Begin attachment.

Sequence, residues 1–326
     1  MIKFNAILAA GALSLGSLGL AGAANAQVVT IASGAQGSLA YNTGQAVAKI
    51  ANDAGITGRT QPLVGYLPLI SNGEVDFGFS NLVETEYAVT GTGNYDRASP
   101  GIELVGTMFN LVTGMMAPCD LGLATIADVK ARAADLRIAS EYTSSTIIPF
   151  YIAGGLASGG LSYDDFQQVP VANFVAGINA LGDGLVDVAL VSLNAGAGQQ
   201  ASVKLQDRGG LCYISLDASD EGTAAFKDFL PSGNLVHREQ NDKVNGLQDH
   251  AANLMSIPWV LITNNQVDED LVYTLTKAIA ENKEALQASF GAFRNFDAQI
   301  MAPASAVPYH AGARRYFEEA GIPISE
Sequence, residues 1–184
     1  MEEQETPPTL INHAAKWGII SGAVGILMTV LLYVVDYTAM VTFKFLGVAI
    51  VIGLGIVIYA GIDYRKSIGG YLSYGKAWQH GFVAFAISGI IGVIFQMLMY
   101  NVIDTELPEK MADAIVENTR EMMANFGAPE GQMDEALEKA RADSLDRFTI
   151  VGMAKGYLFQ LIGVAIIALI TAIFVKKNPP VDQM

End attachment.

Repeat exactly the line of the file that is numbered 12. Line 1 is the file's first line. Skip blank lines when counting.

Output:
   101  NVIDTELPEK MADAIVENTR EMMANFGAPE GQMDEALEKA RADSLDRFTI